Say you are renting an apt for $1,000 a month, that is money you'll never see again ever.  If instead you buy a duplex for $150K and can rent out the other side for $800.  Your payment is going to be $738 (30 year fixed at 4.25%) of which $531 is interest (which is deductible if you itemize, that is a big if since most don't) and $207 goes toward principal.  

Figuring your expenses is more difficult, but even pretending you are paying yourself $800 a month (for a total of $1,600) and applying the 50% rule that would be $800 (I don't think it will be 50% since there is no vacancy or management fees on your pretend rent).  That still gives you $62 of cash flow every month and $207 of principal pay down every month.  

Look at it another way.  Your expenses for the place are $800 (again using the 50% rule and pretend rent) you have a mortgage of $738 for a total of $1,538, but you are getting $800 in rent.  Which means you're out of pocket $738 ($1,538-$800) instead of $1,000.  Plus you are paying down the mortgage every month starting at $207 and going upwards albeit slowly.  And the whip cream on top is any appreciation you have in house prices.  If that averages 2% over three years that is an additional $250 a month.  

Originally posted by @Logan Allec would agree

1. Wholesaling takes a "rule of seven " in marketing, you need to hit a list seven times or more to get any great deals

2. Los Angeles is one of the most difficult markets in the United States, San Francisco too

You might have to hit a list 7 to 12 times

If you don't have 10,0000 to 30,000 in marketing you might not want to do it

I live in Studio City California

@Brian Gibbons

Im not a big believer of having to touch 7 times.  I certainly see the value however. 

I think more importantly is if an investor doesn't understand communication then no matter how many calls they get they won't be able t harvest.  

And in his example he spent over 25000 in marketing. 

A big part of a good answer   depends on your timeline. If your dead set on getting a place in the next 6-12 months I would recommend a tandem approach. First, make sure  EVERYONE  you know, understands that your looking for a SF  or multi family unit  to buy..... right NOW.  Before you write an offer, make sure your financing plan is rock solid, so you can move forward with confidence should someone give you a lead or you meet the right seller. You must know your numbers in order to make an informed decision to go forward or pass.  Knowledge is power !

Second, working in tandem with your personal seach, it will cost you nothing to build a relationship with a real estate agent who specializes in finding great deals on properties in the areas your most interested in. Just be very transpartent up front and discuss your goals. Make it crystal clear that if they show you a property, and your buy it, they will represent your interest in the transaction. You can also communicate clearly, that your also looking on your own and may find and act on an opportunity yourself, without needing the services of an agent. Most agents know that investors are actively looking and if they bring you an opportunity, you will utilize their services. Look for an agent that is both a realtor selling and buying on behalf of others but that is also an investor who is active in finding off market opportunities. Do some homework, get some references of other investors this agent has helped. Interview a few different agents and then go with someone you like with a solid reputation and great negotiating skills. A word of warning, tread carefully as off market transactions can be very tricky ! There is often a reason they are not listed on the MLS.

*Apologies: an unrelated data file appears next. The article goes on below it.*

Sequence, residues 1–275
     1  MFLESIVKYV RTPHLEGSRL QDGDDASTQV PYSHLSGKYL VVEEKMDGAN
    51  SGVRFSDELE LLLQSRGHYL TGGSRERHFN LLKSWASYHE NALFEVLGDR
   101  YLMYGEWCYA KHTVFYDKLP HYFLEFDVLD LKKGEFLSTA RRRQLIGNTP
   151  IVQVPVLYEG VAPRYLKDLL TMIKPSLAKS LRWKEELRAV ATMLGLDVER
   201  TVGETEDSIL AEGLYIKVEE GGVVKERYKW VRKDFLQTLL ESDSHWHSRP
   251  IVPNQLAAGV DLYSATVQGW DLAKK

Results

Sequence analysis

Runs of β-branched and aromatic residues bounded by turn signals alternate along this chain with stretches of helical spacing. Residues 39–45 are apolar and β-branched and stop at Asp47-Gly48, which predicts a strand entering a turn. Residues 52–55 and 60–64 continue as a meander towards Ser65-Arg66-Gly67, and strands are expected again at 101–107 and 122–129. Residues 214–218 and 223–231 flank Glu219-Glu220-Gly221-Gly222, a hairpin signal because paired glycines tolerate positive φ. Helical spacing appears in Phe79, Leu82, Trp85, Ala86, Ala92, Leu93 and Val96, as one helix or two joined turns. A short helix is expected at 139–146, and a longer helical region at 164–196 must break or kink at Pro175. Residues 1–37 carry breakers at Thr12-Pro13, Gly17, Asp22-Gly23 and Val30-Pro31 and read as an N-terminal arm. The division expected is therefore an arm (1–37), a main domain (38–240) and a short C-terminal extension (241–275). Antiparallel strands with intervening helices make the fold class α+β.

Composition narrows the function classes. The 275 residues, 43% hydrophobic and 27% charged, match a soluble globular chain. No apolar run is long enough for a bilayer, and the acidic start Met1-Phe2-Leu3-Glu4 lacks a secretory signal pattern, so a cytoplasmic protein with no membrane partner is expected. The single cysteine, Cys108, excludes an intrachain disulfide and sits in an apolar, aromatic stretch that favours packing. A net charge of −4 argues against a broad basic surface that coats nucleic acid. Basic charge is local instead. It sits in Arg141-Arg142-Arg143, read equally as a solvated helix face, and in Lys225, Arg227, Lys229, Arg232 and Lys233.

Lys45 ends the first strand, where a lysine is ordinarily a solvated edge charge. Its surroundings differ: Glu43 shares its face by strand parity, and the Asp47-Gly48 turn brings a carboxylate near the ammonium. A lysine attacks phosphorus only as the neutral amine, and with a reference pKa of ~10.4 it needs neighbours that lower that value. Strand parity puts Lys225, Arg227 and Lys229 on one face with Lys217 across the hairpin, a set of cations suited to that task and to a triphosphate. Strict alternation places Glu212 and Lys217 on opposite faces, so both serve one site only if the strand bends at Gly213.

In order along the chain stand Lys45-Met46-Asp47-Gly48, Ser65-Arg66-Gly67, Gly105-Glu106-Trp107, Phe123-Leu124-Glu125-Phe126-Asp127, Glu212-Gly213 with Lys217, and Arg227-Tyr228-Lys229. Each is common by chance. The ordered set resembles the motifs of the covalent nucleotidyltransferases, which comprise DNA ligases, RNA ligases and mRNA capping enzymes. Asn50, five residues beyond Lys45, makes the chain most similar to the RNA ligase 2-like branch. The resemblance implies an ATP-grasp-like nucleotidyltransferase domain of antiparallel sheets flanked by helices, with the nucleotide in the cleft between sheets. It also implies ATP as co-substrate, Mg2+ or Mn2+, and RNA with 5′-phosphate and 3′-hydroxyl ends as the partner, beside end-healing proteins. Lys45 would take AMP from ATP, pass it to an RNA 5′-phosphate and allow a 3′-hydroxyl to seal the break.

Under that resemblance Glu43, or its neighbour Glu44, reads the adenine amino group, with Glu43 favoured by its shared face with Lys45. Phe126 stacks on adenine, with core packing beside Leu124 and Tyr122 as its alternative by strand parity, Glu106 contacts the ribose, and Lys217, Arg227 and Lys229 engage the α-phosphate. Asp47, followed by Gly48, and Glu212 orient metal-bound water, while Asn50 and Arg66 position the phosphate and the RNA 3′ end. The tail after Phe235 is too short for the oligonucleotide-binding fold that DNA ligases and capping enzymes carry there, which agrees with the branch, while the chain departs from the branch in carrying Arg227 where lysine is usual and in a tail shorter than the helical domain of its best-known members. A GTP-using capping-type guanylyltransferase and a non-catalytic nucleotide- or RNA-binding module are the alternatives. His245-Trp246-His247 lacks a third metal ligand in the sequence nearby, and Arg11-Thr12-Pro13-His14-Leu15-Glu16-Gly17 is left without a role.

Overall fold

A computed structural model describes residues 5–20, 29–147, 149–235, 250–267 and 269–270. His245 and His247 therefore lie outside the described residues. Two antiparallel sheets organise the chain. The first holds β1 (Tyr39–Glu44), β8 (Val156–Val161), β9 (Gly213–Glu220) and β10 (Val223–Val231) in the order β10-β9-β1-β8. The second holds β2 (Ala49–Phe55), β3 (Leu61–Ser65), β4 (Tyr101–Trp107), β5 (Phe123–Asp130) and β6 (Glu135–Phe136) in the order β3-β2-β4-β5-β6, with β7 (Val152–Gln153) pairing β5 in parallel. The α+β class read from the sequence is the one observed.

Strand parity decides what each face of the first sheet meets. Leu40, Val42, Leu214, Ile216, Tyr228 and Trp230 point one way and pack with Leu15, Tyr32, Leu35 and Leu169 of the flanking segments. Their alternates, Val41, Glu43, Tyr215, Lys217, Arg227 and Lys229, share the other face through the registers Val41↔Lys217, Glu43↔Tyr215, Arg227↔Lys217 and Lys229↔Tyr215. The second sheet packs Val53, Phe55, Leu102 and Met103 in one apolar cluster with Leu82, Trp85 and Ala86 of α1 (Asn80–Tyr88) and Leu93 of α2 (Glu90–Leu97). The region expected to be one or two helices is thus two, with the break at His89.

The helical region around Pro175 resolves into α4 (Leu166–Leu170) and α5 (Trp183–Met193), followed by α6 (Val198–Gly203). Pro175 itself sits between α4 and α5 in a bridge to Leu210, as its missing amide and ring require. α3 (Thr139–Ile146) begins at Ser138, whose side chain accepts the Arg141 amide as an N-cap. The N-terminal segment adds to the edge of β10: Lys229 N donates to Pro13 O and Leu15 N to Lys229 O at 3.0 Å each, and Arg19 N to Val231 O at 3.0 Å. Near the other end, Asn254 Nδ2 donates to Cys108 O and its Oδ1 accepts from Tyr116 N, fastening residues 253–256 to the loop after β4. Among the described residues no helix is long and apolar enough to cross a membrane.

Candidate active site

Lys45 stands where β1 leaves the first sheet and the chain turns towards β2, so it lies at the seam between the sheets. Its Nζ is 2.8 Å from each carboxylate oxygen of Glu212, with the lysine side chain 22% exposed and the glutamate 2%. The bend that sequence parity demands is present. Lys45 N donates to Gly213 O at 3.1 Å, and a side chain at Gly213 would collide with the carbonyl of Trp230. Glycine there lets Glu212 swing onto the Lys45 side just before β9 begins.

Good luck James. Now go there and kick some A** 

The Rule of 7 is really meant as a general guideline for developing leads from a mailing list.

The point is, new investors will often mail to a list once or twice and then bail out on direct mail.  That is NOT leveraging what direct mail can do and how it works.

Can you mail to a list 1 time and get a great deal?  Sure, that can happen.  But most people (97%) are not going to contact you on the first touch.  Direct mail tends to be a crappy investment if you only do an occasional mailing to a different list every time.